To reduce the indicative resource gap of about Nu 20 billion, the first national structured dialogue between Gross National Happiness Commission (GNHC), and Green Climate Fund (GCF) began yesterday at Thimphu.
The three-day dialogue will assist Bhutan to access GCF for the country’s climate change projects. GCF established in December 2010 is the main global financial mechanism to finance green initiatives promoting low emission and climate resilient development. It has its headquarters in South Korea.
GNHC’s Director Rinchen Wangdi said the meeting is also an effort of GNHC to reduce the indicative resource gap. The commission will be holding a series of meeting to mobilise resource from various funding windows.
Three pipeline funding proposals—supporting climate resilience and transformational change in the agriculture sector, Bhutan green transport programme, and simplified approval process (SAP) funding proposal on water flagship programme will also be presented to the delegates of GCF during the dialogue.
The dialogue will also serve as a platform to provide clarification and guidance to pipeline future potential projects of Bhutan.
The proposal to support climate resilience and transformational change in the agriculture sector is expected to promote resilient agricultural practices in the face of changing climate patterns; integrate climate change risks into water and land management practices that affect smallholders; and to reduce risk and impact of climate change induced landslides during extreme events that disrupt market access.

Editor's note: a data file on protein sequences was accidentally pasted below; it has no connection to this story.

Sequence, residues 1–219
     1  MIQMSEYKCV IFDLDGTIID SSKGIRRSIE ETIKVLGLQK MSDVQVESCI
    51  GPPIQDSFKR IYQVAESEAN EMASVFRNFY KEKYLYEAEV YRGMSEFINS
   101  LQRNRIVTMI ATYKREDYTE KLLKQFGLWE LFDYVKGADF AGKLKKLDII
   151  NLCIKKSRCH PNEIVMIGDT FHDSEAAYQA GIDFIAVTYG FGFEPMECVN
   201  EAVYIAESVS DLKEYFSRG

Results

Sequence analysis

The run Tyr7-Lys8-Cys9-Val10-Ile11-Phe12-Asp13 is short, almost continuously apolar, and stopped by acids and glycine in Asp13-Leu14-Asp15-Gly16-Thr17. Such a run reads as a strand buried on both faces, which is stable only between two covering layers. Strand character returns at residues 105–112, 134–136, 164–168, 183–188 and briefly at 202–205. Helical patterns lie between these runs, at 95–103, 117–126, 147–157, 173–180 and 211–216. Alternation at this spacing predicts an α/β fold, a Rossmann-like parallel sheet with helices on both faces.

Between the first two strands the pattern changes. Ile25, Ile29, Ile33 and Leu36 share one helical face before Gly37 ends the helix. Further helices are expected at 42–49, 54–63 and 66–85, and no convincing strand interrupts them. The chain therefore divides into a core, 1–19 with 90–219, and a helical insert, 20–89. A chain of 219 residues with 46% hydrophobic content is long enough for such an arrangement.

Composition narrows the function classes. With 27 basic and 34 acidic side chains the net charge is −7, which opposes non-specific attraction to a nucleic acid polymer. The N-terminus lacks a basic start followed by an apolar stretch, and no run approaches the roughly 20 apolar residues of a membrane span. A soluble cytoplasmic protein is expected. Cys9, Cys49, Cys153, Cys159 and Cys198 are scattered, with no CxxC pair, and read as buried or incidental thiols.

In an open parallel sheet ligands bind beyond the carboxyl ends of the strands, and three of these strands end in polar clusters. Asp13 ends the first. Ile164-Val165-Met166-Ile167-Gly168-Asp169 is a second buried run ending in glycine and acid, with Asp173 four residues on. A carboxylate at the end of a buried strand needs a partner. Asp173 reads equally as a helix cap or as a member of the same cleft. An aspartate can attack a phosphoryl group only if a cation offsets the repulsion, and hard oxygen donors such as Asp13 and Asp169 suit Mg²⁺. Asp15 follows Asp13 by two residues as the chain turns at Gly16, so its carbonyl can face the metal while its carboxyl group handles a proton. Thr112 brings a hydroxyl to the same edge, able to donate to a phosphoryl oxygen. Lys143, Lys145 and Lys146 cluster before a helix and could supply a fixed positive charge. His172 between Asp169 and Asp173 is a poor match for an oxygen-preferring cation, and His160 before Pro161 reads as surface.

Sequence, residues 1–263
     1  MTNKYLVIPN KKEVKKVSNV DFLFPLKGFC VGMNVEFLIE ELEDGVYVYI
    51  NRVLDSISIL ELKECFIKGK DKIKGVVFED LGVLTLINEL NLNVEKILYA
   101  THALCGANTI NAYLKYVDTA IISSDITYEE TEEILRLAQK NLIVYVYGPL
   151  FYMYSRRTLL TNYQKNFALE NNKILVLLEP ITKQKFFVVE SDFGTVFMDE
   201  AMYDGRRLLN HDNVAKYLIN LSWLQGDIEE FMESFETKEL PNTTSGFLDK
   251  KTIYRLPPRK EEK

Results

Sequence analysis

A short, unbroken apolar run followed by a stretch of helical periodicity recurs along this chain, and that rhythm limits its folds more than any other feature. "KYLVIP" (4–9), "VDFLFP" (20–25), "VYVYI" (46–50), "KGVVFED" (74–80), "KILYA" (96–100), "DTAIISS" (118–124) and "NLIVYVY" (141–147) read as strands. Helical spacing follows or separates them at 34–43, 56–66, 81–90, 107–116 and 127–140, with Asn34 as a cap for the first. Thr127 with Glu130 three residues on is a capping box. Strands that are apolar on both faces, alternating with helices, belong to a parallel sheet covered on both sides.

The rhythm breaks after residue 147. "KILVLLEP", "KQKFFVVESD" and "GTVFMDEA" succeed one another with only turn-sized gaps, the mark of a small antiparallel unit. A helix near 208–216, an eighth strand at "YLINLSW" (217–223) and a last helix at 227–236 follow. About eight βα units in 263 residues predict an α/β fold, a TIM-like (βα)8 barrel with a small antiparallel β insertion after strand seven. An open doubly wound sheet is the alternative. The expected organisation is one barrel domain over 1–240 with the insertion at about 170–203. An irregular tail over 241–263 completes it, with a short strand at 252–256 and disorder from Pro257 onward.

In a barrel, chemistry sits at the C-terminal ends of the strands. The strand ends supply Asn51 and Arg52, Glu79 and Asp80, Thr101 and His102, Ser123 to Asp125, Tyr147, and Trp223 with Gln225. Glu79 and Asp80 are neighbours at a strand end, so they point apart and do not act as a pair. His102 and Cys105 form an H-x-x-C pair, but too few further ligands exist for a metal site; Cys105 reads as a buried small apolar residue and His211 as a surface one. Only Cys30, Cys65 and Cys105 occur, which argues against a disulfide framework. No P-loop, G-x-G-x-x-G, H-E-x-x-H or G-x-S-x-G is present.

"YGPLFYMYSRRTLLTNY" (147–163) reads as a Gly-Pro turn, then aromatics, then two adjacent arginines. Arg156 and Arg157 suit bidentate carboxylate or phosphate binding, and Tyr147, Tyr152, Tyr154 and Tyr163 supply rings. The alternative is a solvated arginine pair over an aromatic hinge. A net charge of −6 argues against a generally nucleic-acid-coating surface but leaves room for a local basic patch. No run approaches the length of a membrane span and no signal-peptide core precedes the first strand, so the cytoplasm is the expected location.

Bhutan Green Transport Programme proposal will focus on low emission transport solutions with interventions such as investments in zero emission buses and other operating assets for bus services, and investments in green transport infrastructure.
The focus of SAP funding proposal on water flagship programme would be revival of water sources under the impacts of climate change.
GNHC’s senior programme coordinator, Dechen Zam, said that the commission is the national designated agency (NDA) of GCF to Bhutan.
This means that any project proposals seeking fund from GCF would first require reviewing and screening through GHNC.
“All the proposals should go through the screening process of GNHC. Because we see the 12th Plan activities, we would know if there are duplication and also of the priority projects,” Dechen Zam said. The pipeline funding proposals has been reviewed by GNHC.
As part of the dialogue, the delegates also visited Memelakha landfill site, Greener Way and Bhutan Post to learn the issues and current management of urban transport in Thimphu city.
To date, GCF has approved three projects in the country – Bhutan for Life, strategic framework to strengthen the capacity of NDA to access resources from GCF and support direct accreditation process, and the preparation of the National Adaptation Plan for Bhutan. Fund for the three projects amount to USD 30 million.
The three-day dialogue will end on August 31.